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Prevalence of the Autism Phenotype in Children Adopted After Early Neglect and Maltreatment

Thursday, 2 May 2013: 09:00-13:00
Banquet Hall (Kursaal Centre)
J. Green, C. Kay and K. Leadbitter, University of Manchester, Manchester, United Kingdom
Background:   The finding that 6% of 111 children adopted into U.K. families from Romanian institutions following severe early social deprivation showed ‘quasi-autistic’ patterns of social impairment in early childhood, with a further 6% showing isolated autistic features (Rutter et al 1999), had significant impact in suggesting a possible environment-related aetiology for an autism phenotype. An important question has remained – with both theoretical and practical implications - as to whether such autistic-like impairments might also be found in children adopted after early severe maltreatment or neglect in countries not using institutional care.

Objectives:   To make a systematic and rigorous investigation into the presence of the autism spectrum disorder (ASD) phenotype in children after maltreatment.

Methods:   Fifty-nine domestically adopted children (mean age 102 months (SD 20); 47% male) were recruited via a UK national charity (Adoption-UK). Seventy-three percent had experienced severe maltreatment with a mean of 1.6 (SD 1.2) of different maltreatment categories (emotional, physical, sexual abuse and neglect). Mean age at admission to out-of-home care was 11 months (SD 15); mean age at adoption was 35 months (SD 27); mean number of previous placements was 2.5 (SD 1.8).  Initial screening for ASD symptoms and other psychopathology used the Development and Wellbeing Assessment (DAWBA; Goodman et al 2000), a detailed online parent symptom report used in national UK (Meltzer et al, 2000) and other large-scale epidemiological studies (Green et al, 2005, Ford et al, 2007). The DAWBA uses symptom report plus expert clinician review (blind to study hypotheses) to generate algorithm probabilities for DSM-IV diagnostic criteria. Individuals screening positively for ASD on the DAWBA were invited to a second phase detailed assessment including: i) Autism Diagnostic Interview-Revised, Autism Diagnostic Observation Schedule; ii) clinical diagnostic assessment; iii) biometrics and rating of minor physical anomalies (associated with neurodevelopmental risk such as fetal alcohol syndrome); iv) interview data on birth family history of ASD, psychopathology, and substance or alcohol misuse in pregnancy.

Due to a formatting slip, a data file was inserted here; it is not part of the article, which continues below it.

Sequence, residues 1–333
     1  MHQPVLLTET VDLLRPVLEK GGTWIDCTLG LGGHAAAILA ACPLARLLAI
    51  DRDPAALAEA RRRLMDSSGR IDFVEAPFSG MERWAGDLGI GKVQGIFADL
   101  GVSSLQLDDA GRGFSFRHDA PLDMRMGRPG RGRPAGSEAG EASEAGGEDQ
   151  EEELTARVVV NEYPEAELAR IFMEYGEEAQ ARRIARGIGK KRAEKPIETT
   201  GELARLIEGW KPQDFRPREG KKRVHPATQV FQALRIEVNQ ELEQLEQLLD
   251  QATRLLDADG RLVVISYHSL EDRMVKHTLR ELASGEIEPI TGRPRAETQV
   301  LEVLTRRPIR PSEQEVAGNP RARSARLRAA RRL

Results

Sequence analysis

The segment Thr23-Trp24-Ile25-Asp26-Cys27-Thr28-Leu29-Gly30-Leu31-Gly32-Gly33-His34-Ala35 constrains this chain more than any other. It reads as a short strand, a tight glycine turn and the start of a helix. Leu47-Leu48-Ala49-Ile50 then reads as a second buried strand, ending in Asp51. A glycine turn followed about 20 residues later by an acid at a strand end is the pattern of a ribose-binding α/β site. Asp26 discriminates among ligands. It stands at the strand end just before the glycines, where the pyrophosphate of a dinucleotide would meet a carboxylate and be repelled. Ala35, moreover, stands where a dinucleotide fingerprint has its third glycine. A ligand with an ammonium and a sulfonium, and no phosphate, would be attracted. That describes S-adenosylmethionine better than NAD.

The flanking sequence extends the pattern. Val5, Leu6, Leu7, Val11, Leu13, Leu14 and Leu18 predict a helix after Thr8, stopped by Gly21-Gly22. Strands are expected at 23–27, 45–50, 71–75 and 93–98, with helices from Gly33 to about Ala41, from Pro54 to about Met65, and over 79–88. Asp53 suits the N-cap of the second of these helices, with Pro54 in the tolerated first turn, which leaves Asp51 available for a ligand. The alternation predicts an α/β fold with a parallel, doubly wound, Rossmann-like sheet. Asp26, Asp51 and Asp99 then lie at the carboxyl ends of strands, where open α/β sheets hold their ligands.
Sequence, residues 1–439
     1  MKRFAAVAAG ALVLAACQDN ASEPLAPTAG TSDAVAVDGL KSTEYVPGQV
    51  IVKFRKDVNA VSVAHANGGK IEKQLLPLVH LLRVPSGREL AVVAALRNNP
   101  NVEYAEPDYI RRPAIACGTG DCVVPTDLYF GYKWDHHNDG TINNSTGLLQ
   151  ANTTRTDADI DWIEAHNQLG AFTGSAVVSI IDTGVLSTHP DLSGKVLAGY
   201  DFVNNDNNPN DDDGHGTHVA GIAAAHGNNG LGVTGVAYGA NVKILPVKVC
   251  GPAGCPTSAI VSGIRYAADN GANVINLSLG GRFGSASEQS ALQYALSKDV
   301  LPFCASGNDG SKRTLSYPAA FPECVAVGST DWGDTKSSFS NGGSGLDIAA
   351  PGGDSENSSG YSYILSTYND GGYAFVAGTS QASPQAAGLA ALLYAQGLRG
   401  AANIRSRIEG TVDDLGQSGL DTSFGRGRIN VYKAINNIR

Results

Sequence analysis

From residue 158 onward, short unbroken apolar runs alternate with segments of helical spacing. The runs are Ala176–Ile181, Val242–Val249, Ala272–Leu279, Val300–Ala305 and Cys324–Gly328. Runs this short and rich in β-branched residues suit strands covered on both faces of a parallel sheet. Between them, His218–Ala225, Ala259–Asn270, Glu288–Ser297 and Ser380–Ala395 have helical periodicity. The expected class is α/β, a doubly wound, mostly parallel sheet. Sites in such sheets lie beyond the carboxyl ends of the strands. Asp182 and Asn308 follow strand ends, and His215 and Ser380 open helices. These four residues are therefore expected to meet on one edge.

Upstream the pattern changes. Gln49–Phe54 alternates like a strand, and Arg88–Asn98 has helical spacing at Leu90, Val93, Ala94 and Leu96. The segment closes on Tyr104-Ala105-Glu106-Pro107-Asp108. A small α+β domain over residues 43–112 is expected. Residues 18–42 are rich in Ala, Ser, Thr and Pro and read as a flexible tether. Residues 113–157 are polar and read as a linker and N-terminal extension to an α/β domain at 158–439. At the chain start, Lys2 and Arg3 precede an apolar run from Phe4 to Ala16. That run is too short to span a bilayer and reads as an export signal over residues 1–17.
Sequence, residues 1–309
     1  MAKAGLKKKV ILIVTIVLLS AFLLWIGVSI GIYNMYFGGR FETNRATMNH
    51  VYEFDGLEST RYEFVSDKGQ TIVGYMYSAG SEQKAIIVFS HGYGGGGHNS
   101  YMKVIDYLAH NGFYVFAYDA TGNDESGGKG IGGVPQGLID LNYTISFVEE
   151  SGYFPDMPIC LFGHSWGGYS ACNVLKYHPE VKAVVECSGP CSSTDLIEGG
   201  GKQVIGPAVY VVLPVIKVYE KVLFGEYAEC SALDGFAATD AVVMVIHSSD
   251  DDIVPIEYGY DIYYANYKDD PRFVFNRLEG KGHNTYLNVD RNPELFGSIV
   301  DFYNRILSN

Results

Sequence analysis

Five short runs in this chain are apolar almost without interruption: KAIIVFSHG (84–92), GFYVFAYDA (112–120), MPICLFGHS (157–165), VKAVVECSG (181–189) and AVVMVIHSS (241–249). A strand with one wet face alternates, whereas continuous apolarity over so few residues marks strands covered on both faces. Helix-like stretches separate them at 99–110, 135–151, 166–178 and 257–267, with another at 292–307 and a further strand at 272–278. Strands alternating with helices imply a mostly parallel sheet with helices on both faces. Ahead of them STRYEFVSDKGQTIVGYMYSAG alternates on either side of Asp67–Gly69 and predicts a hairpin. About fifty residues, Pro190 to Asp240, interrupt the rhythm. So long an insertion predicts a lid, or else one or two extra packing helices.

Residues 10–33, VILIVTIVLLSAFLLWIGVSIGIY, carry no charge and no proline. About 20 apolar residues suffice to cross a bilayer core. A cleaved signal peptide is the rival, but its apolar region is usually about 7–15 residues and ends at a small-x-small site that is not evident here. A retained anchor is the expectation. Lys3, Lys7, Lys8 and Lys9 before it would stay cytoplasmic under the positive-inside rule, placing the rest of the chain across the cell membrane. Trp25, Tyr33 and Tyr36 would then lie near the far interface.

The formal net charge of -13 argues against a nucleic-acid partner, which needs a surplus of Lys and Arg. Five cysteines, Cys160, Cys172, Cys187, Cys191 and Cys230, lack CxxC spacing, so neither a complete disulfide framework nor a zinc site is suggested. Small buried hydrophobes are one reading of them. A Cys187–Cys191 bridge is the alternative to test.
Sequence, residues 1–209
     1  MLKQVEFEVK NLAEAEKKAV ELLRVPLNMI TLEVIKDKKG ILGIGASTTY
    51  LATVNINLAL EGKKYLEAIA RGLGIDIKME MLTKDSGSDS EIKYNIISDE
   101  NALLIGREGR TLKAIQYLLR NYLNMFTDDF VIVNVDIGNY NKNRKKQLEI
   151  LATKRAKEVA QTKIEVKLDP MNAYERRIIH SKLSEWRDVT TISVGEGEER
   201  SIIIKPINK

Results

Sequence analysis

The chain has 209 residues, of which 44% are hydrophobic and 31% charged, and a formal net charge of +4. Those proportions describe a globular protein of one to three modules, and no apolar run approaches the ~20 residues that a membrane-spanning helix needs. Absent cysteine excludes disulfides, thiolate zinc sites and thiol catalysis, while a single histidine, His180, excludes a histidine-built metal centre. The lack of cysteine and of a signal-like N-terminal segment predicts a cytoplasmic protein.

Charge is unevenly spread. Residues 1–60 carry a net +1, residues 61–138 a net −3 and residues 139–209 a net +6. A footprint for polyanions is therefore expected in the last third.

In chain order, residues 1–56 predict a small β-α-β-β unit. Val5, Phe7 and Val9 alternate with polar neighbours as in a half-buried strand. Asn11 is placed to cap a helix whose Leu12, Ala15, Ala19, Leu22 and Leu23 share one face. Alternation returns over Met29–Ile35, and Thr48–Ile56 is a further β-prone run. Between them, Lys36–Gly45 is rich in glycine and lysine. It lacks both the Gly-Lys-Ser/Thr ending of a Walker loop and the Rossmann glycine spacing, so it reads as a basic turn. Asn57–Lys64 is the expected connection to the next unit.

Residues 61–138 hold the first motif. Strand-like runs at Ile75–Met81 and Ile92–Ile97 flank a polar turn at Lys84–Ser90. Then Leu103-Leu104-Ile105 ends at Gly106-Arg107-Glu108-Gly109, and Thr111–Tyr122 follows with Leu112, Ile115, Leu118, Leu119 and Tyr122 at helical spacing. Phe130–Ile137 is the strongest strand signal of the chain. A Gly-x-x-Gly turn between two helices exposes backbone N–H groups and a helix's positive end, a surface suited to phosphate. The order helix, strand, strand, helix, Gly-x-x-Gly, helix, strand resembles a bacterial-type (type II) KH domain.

Results:  Screening data analysed to date on 54/59 children suggests a high prevalence of autistic symptomatology. Three (5%) meet DAWBA criteria for >70% probability of ASD diagnosis and a further twelve (22%) for possible ASD criteria (>3% probability). These 15 adoptees are being assessed in detail as above during the second phase. Three of the first 10 of these phase 2 cases show ASD, with a further 7 showing ‘Broad ASD’ (partial features) using the Collaborative Program of Excellence in Autism (CPEA) criteria (Lainhart et al. 2006).

Data available for the IMFAR presentation will include; i) Complete ADI-R, ADOS and clinical examination data for autism and ‘quasi-autism’ symptoms; ii) complete maltreatment indices and data on physical phenotype, including evidence for fetal alcohol syndrome or other biological vulnerability; iii) birth family history.

Conclusions:   This data will give to our knowledge the first rigorous data on the presence of ASD in a high-risk adoption sample from non-institutionalized care in a high-income country. It has potentially substantial theoretical and clinical implications.

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